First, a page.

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The show will go on without Sony Pictures.
CinemaCon managing director Mitch Neuhauser on Thursday said that every other major Hollywood studio will participate in this year’s edition of CinemaCon, the annual gathering of theaters owners in Las Vegas where film companies parade their slates via lavish, star-studded presentations before exhibitors from around the world, press and entertainment bloggers.
Neuhauser spoke with The Hollywood Reporter shortly after news broke about Sony pulling out of the event, set to run April 1-4 at Caesars Palace in Las Vegas. On Tuesday, Sony president of worldwide marketing and distribution Josh Greenstein spoke with Neuhauser about the decision.
“We had a wonderful conversation,” recalled Neuhauser. “He said, ‘Mitch, this is nothing against CinemaCon. We love CinemaCon. It’s just that we’re taking a year off. We look to be back in 2020.'”
“Am I upset? No. I can’t be upset at a corporate decision. But I can be disappointed for our exhibitor members and our delegates. I think they are missing out on Sony’s best slate since 2012,” he said. “Our members are welcoming and thirsting for the product they see at the presentations. Just because one studio has made a corporate decision doesn’t change the game plan.”
The sojourn to Las Vegas can cost a major studio as much as $2 million between show dues, preparing exclusive footage and reels and paying for talent to come to Vegas. In return, it gets a chance to impress theater owners and generate headlines and an avalanche of social media chatter.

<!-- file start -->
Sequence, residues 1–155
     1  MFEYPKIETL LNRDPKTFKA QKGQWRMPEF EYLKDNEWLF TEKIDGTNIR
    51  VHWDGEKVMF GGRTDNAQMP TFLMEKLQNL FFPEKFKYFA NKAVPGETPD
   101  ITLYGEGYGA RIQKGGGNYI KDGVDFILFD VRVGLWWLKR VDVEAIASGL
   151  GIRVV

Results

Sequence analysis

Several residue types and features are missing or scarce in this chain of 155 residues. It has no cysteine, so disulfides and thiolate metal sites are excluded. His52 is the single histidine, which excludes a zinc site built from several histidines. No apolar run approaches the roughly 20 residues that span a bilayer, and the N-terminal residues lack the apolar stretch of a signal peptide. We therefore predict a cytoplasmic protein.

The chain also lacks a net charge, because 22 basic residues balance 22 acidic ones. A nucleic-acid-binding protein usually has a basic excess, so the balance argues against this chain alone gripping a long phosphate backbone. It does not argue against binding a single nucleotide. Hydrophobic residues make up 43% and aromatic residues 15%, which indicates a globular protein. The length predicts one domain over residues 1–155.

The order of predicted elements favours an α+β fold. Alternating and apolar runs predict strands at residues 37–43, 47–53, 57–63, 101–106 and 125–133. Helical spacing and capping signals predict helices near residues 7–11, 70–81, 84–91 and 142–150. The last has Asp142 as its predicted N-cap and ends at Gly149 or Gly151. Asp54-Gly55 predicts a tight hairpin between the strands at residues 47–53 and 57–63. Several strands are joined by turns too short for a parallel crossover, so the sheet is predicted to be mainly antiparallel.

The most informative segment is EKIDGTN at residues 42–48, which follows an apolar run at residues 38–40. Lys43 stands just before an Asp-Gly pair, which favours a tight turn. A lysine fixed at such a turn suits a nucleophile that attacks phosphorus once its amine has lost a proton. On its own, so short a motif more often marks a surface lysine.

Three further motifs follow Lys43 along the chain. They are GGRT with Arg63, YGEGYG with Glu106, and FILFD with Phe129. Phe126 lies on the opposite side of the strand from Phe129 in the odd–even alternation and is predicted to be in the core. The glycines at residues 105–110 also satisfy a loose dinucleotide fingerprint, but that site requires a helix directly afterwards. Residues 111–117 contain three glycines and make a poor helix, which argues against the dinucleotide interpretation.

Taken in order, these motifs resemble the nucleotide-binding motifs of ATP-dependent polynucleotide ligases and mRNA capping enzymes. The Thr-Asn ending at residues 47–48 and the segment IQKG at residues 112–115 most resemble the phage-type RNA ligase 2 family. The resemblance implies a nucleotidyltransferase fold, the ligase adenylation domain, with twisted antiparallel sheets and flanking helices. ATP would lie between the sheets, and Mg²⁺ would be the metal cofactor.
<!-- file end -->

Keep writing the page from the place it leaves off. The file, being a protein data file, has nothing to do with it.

CinemaCon — which succeeded ShoWest — is hosted by the National Association of Theatre Owners. Sony’s decision to stay back in Los Angeles this year marks the first time that a major studio has not attended since 2012. Universal sat out the first year of CinemaCon in 2011, but quickly returned when the new show was declared a huge success.
Sony hasn’t commented on its reason for pulling out. The studio’s summer slate is replete with major tentpoles and event pics, including Men in Black International, Spider-Man: Far From Home and Quentin Tarantino’s Once Upon a Time in Hollywood. One of the highlights of CinemaCon 2018 was when Tarantino and Leonardo DiCaprio joined Sony film chief Tom Rothman onstage to plug their film.
“The presentations showcasing what studios have coming down the pike are incredibly important when the home front is being deluged with a tsunami of product. I’m really proud to say what CinemaCon does is highlight the incredible importance of the theatrical experience and separate us from the pack,” said Neuhauser.
The exec said Disney, 20th Century Fox, Warner Bros., Universal and Paramount have all committed to participating. STXfilms and Lionsgate will also return.
One caveat: With the Disney-Fox merger looming, the Fox slate could be folded into Disney’s presentation.
In addition to the formal studio presentations inside the Colosseum Theater at Caesars Palace, Amazon Studios and Focus Features have hosted lunch presentations the past two years. Neuhauser said both companies may not do so this year. Focus has yet to fully fill out its upcoming release calendar, while Amazon’s film operation is in a transition period. Focus could still have a presence if its pics are touted during Universal’s time in the Colosseum.
“We are proud about what CinemaCon brings to the global distribution community,” Neuhauser said. “We are respectful and mindful of Sony’s decision because Sony has been a great supporter. When something like this happens, we hit the ground running. The support that we’ve gotten from our friends and colleagues at other distribution companies has been overwhelming. Exhibition is going to go home on April 5 excited and stoked about the product that’s going to fuel our industry in 2019 and 2020.”
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